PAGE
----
On July 12, the House Oversight & Government Reform Committee is expected to hold a hearing on the so-called First Amendment Defense Act, an odious anti-LGBT bill that would redefine and hijack the Constitution’s protection of religious liberty.
PFAW

“Hobby Lobby II” Distorts the Principle of Religious Freedom

The following is a guest blog by Rev. Faye London, a member of the VASHTI Women’s Initiative within People For the American Way Foundation’s African American Ministers Leadership Council.

The Little Sisters of the Poor Home for the Aged v. Burwell case – which has now been consolidated with similar cases under the name Zubik v. Burwell – is a continuation of a strategy by the Right to gut the Affordable Care Act since they have been unable to repeal it. All of these cases are framed as "religious freedom" cases, yet trying to limit women’s reproductive freedom is based on a twisted understanding of what the original Religious Freedom Restoration Act (RFRA) was meant to address.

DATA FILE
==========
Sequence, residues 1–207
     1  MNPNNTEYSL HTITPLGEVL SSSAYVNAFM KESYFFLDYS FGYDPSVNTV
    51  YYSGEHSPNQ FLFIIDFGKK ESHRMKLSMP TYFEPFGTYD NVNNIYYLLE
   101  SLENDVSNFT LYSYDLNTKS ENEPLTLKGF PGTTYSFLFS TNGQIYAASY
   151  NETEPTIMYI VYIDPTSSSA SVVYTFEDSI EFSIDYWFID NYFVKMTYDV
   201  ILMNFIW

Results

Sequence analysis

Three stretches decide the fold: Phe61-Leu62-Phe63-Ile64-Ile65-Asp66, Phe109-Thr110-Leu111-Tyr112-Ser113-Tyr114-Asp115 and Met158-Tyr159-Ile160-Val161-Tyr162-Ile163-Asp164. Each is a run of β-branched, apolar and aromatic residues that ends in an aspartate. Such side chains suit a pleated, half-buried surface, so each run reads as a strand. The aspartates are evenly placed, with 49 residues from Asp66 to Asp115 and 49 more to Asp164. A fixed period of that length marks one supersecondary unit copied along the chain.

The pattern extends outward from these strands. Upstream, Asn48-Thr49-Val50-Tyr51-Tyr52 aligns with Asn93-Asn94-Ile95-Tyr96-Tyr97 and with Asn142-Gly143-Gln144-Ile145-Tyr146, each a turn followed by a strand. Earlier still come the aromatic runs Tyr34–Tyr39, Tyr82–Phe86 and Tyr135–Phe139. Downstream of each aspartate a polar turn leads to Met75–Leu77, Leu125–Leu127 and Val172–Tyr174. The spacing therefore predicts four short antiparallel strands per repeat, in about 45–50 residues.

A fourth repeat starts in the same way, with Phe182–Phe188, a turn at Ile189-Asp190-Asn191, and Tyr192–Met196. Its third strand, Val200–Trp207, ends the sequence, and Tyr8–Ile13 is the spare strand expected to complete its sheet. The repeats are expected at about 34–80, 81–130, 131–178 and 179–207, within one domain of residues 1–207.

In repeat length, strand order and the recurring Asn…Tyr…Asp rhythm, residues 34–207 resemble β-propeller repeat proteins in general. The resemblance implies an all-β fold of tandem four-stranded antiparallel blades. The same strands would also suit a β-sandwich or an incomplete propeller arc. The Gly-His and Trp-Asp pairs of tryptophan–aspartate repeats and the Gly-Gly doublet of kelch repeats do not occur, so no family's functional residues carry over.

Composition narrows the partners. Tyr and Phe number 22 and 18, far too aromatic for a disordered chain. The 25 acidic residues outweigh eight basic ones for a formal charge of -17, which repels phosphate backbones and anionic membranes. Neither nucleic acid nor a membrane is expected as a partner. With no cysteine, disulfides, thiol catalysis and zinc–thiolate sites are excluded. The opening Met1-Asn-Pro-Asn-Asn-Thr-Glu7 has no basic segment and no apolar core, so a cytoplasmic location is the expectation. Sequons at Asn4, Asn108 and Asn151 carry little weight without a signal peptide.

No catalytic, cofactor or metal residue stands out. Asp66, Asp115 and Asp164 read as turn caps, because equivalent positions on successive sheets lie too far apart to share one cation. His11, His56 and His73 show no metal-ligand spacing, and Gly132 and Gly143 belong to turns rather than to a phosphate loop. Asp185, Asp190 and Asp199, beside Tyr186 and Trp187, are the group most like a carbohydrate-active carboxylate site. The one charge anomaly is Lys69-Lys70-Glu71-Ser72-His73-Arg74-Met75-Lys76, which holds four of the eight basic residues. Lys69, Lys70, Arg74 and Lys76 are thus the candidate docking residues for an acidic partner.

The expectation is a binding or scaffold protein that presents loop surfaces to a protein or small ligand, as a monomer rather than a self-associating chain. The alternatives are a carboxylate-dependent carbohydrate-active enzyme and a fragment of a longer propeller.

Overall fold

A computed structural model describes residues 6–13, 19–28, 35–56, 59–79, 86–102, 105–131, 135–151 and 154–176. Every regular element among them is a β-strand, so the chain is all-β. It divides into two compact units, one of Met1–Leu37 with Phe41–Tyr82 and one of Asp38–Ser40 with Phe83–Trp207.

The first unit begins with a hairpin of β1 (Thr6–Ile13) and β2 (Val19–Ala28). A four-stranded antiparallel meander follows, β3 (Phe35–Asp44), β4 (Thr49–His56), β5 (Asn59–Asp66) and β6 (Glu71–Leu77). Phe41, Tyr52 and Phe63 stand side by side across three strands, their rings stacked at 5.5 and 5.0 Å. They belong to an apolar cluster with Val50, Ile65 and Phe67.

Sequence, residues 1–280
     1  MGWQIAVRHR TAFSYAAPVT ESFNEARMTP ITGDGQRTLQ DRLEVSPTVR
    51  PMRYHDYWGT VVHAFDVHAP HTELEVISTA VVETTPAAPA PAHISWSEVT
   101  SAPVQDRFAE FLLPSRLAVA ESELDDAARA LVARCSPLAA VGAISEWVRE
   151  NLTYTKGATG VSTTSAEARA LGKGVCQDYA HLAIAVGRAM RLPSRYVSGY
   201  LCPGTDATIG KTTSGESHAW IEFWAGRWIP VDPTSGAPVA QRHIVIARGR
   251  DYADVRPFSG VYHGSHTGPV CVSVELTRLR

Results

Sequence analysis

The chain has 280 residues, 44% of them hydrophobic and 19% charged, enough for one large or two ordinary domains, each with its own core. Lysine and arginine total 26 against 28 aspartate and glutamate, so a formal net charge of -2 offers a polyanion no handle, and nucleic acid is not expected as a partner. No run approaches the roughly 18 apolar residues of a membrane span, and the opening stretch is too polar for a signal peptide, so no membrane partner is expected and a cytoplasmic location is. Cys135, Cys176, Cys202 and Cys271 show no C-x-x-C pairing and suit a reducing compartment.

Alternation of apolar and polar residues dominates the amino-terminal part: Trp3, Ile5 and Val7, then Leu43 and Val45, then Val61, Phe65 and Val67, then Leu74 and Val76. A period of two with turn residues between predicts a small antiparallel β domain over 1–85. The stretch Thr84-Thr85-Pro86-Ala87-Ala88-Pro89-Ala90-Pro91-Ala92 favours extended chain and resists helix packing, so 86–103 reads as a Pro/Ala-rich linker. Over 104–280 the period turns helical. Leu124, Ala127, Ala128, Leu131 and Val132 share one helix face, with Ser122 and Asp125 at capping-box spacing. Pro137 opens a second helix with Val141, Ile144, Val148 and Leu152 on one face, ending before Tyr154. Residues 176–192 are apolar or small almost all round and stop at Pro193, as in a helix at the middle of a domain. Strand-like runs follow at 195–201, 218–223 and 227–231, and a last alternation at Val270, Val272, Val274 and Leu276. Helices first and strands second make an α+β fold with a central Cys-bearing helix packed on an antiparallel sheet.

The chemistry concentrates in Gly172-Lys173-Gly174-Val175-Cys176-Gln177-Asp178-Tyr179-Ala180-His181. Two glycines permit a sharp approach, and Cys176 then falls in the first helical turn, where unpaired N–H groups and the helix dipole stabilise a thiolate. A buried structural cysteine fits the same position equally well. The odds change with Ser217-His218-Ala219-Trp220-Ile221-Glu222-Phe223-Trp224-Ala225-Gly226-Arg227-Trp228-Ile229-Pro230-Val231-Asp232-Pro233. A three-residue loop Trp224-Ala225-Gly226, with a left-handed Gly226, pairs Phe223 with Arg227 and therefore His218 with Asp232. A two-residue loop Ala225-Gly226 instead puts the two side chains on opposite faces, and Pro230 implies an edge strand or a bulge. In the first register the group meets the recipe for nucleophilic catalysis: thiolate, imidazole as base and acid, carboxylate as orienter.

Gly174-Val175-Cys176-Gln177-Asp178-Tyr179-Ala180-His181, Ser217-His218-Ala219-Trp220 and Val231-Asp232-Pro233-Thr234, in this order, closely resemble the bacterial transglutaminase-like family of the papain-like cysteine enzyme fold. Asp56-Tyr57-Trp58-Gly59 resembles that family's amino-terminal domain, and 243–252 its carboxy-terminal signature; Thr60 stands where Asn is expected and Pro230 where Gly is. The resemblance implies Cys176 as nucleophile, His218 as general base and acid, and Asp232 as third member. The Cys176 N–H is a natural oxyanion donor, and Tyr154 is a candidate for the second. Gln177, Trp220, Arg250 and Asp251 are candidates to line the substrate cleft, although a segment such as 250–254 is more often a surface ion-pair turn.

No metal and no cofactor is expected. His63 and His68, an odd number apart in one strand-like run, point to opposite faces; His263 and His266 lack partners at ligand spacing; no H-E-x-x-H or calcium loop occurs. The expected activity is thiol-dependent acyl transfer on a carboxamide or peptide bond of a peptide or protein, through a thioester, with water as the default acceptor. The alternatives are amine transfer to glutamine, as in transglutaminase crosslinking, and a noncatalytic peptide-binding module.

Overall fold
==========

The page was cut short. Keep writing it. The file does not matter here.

Congress passed RFRA more than 20 years ago when the Supreme Court refused to protect native and indigenous individuals from being denied government benefits because of drug tests detecting peyote, a substance that was used in their religious ceremonies. RFRA was passed to protect people from having their free exercise of religion violated by the government.

Like so many others, this law has become a victim of targeted reinterpretation. In 2014, the Hobby Lobby decision made it legal for a corporation to act as an individual with regard to religious freedom. It also redefined religious freedom, so that people and corporations could use RFRA to avoid obeying laws that offend their religious beliefs, but don’t actually limit their free exercise of religion. Several states also considered laws intended to make it legal for any person or business to cite religion in order to ignore laws prohibiting discrimination against same gender loving people. And while that aspect of the debate was all over the news, the threat to women’s health posed by laws like this grew quietly in the background.